Thursday, March 06, 2008
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From my daily E-Flux notice (cut and pasted below), the Whitney Biennial opened earlier today. I have been so busy that the opening of this event snuck up on me. Now I await for the blog world response to this years event. For those who like to stay in the know concerning the international art world, be sure to check out e-flux.
Whitney Biennial 2008
March 6-June 1, 2008
The Whitney Biennial 2008 opens today and runs through June 1. For the first time the Biennial will extend beyond the Museum to Park Avenue Armory (at 67th Street) with installations and performances daily through March 23. A full schedule of events is available at whitney.org/biennial
Featuring 81 visionary artists, with works ranging from a dance marathon to a man-made animal habitat in the Museum's sculpture court, the 2008 Biennial shows where American art stands today.
The 2008 Biennial is curated by Henriette Huldisch, assistant curator at the Whitney, and Shamim M. Momin, associate curator at the Whitney and branch director and curator of the Whitney Museum at Altria, and overseen by Donna De Salvo, the Whitney’s chief curator and associate director for programs. Three advisors worked with the curatorial team throughout the process: Thelma Golden, director and chief curator of The Studio Museum in Harlem; Bill Horrigan, director of the media arts department at the Wexner Center for the Arts at The Ohio State University; and Linda Norden, independent curator and writer. Biennial events at Park Avenue Armory are organized by the Whitney and Art Production Fund in association with Park Avenue Armory.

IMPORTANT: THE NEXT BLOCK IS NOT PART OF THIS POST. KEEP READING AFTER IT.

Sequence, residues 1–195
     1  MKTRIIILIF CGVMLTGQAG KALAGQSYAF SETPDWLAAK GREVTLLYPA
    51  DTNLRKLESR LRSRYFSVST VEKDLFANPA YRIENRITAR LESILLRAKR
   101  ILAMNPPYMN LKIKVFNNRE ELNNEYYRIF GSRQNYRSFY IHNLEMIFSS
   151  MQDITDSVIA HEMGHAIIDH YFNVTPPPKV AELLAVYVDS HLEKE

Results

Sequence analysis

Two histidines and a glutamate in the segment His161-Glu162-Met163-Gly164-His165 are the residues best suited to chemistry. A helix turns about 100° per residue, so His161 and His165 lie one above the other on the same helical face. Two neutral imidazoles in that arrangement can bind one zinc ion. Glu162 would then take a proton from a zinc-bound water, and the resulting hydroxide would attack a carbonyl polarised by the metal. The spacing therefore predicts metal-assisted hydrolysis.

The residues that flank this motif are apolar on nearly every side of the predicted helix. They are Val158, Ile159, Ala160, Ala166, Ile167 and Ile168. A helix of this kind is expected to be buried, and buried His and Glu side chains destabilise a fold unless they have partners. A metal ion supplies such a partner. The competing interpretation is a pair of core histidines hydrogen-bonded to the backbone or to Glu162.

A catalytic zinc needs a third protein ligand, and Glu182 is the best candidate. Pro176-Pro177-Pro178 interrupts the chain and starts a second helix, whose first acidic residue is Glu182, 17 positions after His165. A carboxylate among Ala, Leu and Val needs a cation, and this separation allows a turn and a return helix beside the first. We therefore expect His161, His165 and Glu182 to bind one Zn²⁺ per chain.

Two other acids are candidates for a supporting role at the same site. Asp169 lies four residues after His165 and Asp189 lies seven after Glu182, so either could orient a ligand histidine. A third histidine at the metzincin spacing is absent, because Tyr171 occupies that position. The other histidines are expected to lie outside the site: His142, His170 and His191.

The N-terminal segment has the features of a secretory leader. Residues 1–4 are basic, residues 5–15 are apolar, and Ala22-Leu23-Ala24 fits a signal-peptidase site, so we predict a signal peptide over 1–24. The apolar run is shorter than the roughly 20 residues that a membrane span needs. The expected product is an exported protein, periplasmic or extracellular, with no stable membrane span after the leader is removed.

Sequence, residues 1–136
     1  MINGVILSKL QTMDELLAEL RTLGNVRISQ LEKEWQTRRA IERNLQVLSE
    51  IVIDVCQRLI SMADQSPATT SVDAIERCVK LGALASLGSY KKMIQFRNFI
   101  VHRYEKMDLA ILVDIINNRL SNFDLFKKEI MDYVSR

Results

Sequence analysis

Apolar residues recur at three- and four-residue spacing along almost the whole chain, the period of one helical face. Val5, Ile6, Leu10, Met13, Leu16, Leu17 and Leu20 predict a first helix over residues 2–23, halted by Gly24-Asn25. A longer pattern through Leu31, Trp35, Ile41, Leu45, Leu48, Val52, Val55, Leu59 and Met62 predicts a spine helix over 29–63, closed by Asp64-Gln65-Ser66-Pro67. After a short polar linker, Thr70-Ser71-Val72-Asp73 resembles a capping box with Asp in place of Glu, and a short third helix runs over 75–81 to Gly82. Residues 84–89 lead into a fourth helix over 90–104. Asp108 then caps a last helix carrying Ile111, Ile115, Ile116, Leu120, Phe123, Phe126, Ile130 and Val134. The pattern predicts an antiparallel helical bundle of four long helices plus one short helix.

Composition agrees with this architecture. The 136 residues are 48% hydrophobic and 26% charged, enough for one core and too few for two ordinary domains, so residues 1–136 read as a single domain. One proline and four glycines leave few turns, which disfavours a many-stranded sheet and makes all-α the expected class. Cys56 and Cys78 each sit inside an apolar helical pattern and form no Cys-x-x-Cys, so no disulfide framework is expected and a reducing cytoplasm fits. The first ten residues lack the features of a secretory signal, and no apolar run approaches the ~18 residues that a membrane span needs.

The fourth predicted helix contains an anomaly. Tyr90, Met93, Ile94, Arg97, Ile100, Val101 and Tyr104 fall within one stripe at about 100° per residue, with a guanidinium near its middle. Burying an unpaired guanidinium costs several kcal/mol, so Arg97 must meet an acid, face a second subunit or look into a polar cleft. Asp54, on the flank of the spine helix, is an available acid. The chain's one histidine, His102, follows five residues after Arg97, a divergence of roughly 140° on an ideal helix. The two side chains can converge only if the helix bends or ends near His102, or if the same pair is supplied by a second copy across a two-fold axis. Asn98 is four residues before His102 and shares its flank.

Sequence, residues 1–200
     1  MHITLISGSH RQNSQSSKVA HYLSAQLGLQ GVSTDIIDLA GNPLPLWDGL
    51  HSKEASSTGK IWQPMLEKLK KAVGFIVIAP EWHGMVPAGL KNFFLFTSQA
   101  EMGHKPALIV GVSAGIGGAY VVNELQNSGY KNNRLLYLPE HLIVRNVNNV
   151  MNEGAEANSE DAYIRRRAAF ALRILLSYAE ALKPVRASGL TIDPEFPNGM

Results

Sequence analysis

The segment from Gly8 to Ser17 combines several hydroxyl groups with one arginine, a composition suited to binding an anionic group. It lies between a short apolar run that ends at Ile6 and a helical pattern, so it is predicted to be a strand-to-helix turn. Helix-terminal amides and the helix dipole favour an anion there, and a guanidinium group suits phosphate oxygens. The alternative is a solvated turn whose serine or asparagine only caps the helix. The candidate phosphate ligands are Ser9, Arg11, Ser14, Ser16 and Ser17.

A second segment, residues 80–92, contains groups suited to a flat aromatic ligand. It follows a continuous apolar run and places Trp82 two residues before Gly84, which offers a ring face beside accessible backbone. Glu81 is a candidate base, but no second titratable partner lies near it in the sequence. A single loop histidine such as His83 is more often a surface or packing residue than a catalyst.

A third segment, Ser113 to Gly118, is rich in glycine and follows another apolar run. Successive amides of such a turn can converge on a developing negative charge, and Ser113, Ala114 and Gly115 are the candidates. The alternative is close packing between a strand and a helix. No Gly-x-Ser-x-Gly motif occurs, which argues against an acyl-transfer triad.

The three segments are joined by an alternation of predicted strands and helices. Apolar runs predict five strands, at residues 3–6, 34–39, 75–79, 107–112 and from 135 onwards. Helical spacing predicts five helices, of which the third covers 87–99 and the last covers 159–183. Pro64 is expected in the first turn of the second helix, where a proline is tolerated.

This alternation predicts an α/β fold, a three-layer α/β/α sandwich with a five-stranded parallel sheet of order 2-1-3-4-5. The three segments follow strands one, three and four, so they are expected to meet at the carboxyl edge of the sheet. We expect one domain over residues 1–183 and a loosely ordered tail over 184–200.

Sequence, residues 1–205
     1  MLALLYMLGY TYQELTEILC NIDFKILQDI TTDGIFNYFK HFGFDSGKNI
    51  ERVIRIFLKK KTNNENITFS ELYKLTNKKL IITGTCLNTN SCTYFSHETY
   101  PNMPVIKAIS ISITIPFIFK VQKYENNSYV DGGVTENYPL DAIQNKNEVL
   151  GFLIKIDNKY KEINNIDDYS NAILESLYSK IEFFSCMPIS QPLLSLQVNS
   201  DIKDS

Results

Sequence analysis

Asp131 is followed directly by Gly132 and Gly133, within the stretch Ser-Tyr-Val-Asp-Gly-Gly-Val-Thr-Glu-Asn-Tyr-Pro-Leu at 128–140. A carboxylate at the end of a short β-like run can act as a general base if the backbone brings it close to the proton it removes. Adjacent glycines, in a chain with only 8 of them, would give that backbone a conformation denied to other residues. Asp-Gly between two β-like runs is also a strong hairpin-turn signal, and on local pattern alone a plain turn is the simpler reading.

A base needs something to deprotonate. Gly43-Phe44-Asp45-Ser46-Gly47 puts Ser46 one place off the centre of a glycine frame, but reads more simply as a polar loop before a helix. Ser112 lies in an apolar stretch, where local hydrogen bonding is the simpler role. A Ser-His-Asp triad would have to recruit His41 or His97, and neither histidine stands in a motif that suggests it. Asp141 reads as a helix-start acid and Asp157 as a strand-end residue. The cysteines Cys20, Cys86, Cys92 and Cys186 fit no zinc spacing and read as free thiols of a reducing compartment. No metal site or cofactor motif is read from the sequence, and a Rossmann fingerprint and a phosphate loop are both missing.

Donna De Salvo noted, “The Biennial is a laboratory, a way of ‘taking the temperature’ of what is happening now and putting it on view. It influences our thinking on multiple levels and, for the Whitney, translates directly into the choices we make about our exhibitions and collections. In dealing with the art of the present, there are no easy assessments, only multiple points of entry. For the Whitney, and for our public, we hope the Biennial is one way in.”